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AISC-341-16 and Seismic Design Manual, RBS SMF Query

AISC-341-16 and Seismic Design Manual, RBS SMF Query

AISC-341-16 and Seismic Design Manual, RBS SMF Query

I am in the process of designing a 3 story steel structure which will be seismic design category D. It has considerable architectural limitations and we are trying to make use of a Special Moment Frame (SMF) system. For simplicity sake, I have gridlines A, B, and C on each level. The columns will be exposed at each level in some degree and so we have been asked to maintain continuity of column sizes. On the bottom 2 floors we have SMF columns at A,B and C. At the upper floor we only have SMF columns at A & C. The span between A and C becomes onerous given the roof assembly thickness and the resulting increase in beam size does not work for Strong-Column Weak-Beam requirements outlined in Seismic design manual for RBS SMFs. There is a narrow wall on the upper floor at grid B that would allow for a gravity only column to exist, and we could then maintain the same beam sizes as below and we then meet Strong-Column Weak-Beam requirements again.

My question is:

Is an intermediate gravity only support of a SMF beam allowed? ie the beam is continuous over the intermediate column with a pinned support, only moment connected to SMF columns at grids A & C.

My first impression is no, as this changes the bending behavior and stress profile of the SMF beam which already needs to meet pre-qualified conditions in the first place. I just can't find a resource the explicitly says this is not a feasible solution (AISC Clause somewhere?). Perhaps if we can prove that we can achieve sufficient rotation above the interior column that still allows the plastic hing to develop at the SMF Beam-Column connection it could be validated, but I'm not sure this project has the budget available for that.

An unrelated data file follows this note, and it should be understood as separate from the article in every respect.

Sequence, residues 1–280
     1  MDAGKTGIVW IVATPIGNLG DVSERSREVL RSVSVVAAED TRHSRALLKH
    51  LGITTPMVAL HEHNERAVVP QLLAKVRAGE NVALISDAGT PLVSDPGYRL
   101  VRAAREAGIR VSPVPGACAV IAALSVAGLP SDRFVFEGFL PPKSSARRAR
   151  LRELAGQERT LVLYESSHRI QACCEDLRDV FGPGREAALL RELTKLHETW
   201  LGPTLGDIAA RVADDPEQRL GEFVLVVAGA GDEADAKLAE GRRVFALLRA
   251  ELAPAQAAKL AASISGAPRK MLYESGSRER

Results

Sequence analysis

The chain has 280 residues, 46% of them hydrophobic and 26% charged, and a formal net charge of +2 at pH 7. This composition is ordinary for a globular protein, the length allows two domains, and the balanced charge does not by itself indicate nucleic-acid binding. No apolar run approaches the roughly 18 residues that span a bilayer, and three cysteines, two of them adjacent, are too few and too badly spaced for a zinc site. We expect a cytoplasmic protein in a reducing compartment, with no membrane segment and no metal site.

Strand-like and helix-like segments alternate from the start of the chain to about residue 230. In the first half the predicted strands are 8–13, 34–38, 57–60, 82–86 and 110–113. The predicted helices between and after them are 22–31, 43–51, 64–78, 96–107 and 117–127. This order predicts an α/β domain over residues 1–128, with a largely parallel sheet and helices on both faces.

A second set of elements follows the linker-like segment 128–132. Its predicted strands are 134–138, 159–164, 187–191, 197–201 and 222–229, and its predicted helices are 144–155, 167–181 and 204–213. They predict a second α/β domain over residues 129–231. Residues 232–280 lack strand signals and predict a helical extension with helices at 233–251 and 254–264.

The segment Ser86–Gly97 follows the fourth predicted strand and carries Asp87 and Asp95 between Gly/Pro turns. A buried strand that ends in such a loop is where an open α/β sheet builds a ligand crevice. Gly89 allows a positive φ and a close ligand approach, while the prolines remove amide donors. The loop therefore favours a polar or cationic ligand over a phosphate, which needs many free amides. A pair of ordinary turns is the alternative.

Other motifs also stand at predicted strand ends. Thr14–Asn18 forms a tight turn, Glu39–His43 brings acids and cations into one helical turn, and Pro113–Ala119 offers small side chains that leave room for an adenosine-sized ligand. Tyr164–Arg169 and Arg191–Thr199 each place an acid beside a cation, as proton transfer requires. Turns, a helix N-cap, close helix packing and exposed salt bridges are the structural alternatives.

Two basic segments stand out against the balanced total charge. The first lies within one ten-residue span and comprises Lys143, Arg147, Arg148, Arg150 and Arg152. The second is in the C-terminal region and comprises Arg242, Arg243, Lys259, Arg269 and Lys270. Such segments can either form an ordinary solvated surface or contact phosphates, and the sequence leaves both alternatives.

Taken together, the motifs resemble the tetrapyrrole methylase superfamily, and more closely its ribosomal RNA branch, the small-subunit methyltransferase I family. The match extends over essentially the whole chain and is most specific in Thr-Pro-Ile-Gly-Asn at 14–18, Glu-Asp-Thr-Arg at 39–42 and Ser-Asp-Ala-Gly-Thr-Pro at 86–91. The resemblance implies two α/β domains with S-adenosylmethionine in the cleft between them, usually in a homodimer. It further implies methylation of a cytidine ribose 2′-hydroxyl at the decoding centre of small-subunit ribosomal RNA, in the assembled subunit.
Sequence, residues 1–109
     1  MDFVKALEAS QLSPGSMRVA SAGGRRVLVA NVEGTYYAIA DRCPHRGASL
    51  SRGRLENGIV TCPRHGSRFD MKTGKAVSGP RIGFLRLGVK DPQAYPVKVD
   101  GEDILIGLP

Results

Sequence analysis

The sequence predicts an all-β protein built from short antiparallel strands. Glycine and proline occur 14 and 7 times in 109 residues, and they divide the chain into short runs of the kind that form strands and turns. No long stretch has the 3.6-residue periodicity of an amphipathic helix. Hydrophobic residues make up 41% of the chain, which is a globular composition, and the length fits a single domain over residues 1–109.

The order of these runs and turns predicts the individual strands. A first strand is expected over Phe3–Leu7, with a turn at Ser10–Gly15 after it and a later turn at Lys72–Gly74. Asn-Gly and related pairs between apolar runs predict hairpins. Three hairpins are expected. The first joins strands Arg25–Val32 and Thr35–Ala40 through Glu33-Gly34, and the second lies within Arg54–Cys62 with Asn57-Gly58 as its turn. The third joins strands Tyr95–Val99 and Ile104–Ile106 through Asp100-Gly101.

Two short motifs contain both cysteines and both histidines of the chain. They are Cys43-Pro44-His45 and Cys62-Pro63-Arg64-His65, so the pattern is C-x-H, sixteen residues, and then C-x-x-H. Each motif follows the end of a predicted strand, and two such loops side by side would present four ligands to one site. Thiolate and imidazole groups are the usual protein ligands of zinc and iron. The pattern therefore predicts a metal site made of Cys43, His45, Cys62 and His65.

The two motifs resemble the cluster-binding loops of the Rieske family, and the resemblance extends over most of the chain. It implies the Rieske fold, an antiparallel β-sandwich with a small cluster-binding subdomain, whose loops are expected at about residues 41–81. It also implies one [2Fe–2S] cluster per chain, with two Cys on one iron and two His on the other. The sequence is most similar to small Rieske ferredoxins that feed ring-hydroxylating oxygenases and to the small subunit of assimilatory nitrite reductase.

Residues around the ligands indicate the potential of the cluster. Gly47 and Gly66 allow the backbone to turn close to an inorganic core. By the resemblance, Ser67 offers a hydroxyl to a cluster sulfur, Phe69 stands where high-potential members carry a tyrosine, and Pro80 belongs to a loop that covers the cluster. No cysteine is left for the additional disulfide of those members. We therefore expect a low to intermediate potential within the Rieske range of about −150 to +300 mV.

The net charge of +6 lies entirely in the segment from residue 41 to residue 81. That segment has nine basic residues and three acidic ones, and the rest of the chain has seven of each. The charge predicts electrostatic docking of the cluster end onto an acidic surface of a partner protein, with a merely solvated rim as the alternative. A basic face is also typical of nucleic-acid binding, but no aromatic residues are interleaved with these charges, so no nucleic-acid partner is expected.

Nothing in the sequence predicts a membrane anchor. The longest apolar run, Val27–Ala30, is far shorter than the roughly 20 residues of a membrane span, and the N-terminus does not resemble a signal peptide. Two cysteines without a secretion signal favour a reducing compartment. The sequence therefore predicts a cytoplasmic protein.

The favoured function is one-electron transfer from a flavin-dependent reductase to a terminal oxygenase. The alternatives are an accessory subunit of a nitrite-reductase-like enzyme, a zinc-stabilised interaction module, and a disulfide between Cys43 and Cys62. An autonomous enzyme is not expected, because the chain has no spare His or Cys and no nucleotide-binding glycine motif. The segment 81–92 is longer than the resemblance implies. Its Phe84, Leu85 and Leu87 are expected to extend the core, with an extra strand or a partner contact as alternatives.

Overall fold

Thanks to everyone in advance.

RE: AISC-341-16 and Seismic Design Manual, RBS SMF Query

I don't believe there is anything in the code that would prohibit SMF beams with moment connections at one end only. Take a look at the prequalification variables listed in AISC 341-16 K1.4a for some insight. In terms of seismic behavior, your proposed solution will theoretically behave identically to a frame without the intermediate column. As long as your frame satisfies drift requirements, I don't see any issues.

That said, if I were able to add an intermediate column my preference would be to use a compact wide flange that could be detailed as part of the frame. Keep in mind that strong-column weak-beam is not usually required at the roof level since there aren't significant concerns for soft/weak stories at the upper level (AISC 341-16 E3.4a(a)).

RE: AISC-341-16 and Seismic Design Manual, RBS SMF Query

Similar to Deker, I think this is doable. Additionally:

1) I think that you're plastic mechanism in the upper level frame will need to be tailored to suit the new reality. You're gravity column probably ought to be designed for an axial load commensurate with plastic hinge development etc.

2) Conceptually, this isn't too much different from having a point load in the middle of an SMF beam which is something that is also done.

Rationally, it's quite acceptable to not satisfy strong column weak beam at the roof level. At the roof level, it's pretty much irrelevant whether you plastic hinges form in your beams or your column as that doesn't create a single story mechanism.

I like to debate structural engineering theory -- a lot. If I challenge you on something, know that I'm doing so because I respect your opinion enough to either change it or adopt it.

RE: AISC-341-16 and Seismic Design Manual, RBS SMF Query

...as far as mechanisms, go. If shakedown's an issue, you might want to have your hinges form in the beams.


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